So will the queen, that living held him dear. And loft y proud encroaching tyranny,

[Exite Burns with revenging fire; whose hopeful colours!451

Advance our hali-fac'd sun, striving to shine,
Under the which is writ-Invitis mubibus.

Another part of Kent.
The commons here in Kent are up in arms:

Enter George Bevis and John Holland. And, to conclude, reproach, and beggary,

Bevis. Come and get theea sword, though made Is crept into the palace of our king,

150 of a lath; they have been up these two days. And all by thee:-Away! convey him hence. Hol. They have the more need to sleep now then,

Suf. O that I were a god, to shoot forth thunder Beris. I tell thee, Jack Cade the clothier means Upon these paltry, servile, abject drudges! (here, to dress the commonwealth, and turn it, and set Small things make base men proud: this villain la new nap upon it. Being captain of a pinnace', threatens more 55 Hol. So he had need, for 'tis thread-bare. Well. Than Bargulus * the strong Illyrian pirate.

I say, it was never merry world in England, since Drones suck not eagles' blood, but rob þee-hives. gentlemen came up.

Meaning, pride assumed before its time. ? To affy is to betroth in marriage. 3A pinnace did not anciently signify, as at present, a man of war's boat, but a ship of small burthen.. ** This Bargulus is to be met with in Tully's Offices; and the legend is the famous Theopompus's History. Bargulus Illyrius latro, de quo est apud Theopompum, magnas opes habuit,' lib. ii. cap. Ú. : See note ?, page 505. i.e. Herennius a centurion, and Popilius Laenas, tribune of the soldiers. ? Brutus was the son of Servilia, a Roman lady, who had been concubine to Julius Cæsar. The poet seems to have confounded the story of Pompey with some other.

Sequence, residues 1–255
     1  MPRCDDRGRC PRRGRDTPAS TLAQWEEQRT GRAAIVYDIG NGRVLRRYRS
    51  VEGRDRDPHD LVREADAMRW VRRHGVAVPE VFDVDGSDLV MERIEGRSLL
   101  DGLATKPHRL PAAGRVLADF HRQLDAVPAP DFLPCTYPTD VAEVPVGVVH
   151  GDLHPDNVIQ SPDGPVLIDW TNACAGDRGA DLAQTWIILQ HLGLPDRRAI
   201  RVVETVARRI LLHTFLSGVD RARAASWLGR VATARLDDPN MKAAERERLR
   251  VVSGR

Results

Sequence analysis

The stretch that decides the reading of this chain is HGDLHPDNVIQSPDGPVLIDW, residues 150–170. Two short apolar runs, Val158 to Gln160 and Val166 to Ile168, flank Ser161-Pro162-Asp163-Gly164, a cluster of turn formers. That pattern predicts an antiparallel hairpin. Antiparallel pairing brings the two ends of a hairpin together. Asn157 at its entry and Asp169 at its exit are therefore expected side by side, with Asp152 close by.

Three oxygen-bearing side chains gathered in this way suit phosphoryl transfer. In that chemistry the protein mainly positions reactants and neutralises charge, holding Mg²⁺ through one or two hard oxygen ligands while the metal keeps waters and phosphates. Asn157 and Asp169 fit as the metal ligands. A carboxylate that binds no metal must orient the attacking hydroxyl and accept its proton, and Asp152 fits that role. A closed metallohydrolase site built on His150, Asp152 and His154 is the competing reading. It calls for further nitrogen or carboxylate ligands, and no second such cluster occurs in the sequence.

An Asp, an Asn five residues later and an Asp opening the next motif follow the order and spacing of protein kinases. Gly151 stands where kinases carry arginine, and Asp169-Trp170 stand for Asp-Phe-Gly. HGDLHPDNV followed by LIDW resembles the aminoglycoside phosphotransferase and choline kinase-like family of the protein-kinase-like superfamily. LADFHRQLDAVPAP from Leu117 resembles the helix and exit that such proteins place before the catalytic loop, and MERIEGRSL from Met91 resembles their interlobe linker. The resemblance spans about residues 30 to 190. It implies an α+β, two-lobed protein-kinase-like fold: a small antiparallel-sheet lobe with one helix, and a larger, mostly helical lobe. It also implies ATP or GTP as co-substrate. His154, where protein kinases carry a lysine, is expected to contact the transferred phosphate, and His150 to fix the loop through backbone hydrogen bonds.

Beris. O miserable age ! Virtue is not regarded seven half-penny loaves sold for a penny: the in bandycrafts-men.

three-hoop'd pot shall have ten hoops; and I will Hol. The nobility think scorn to go in leather make it felony to drink small beer: all the realm aprons.

shall be in cominon, and in Cheapside shall my Beris. Nay more, the king's council are no 5 palfry go to grass. And, when I ain king (as good workmen.

king I will be) Hol. True; And yet it is said,-Labour in | All. God save your majesty! thy vocation : which is as much to say as,-let! Cade. I thank you, good people:-There shall the magistrates be labouring men; and therefore be no money; all shall eat and drink on my score; should we be inagistrates.

10 and I will apparel them all in one livery, that they Bevis. Thou hast hit it: for there's no better may agree like brothers, and worship me their lord. sign of a brave mind, than a hard hand.

| Dick. The first thing we do, let's kill all the Hol. I see them! I see them! There's Best's lawyers. son, the tanner of Winghain.

| Cade. Nay, that I mean to do. Is not this a Beris. He shall have the skins of our enemies, 15 lamentable thing, that of the skin of an innocent to make dog's leather of.

lamb should be made parchment ? that parchHol. And Dick the butcher,

ment, being scribbled o'er, should undo a man? Beris. Then is sin struck down like an os, and Some say, the bee stings: but I say, 'tis the bee's iniquity's throat cut like a calf.

wax; for I did but seal once to a thing, and I was Hol. And Smith the weaver:

20 never my own man since. How now? who's Bevis. Argo, their thread of life is spun.

there? Hol. Come, come, let's fall in with ihem. Enter some, bringing in the Clerk of Chatham. Drum. Enter Cade, Dick the butcher, Smith the Smith. The clerk of Chatham: he can write weuter, and a sawyer, with infinite numbers. I and read, and cast accompt.

Cade. We John Cade, so term'd of our sup-25 Cade. O monstrous ! posed father,

Smith. We took him setting of boys copies. Dick. Or rather, of stealing a cade of herrings'. Cade. Here's a villain!

[Aside. Smith. ll’as a book in his pocket, with red Cade. For our enemies shall fall? betore us, letters in't. inspired with the spirit of putting down kings and 30 Cade. Nay, then he is a conjurer. princes.-Command silence.

Dick. Nay, he can make obligations, and write Dick. Silence!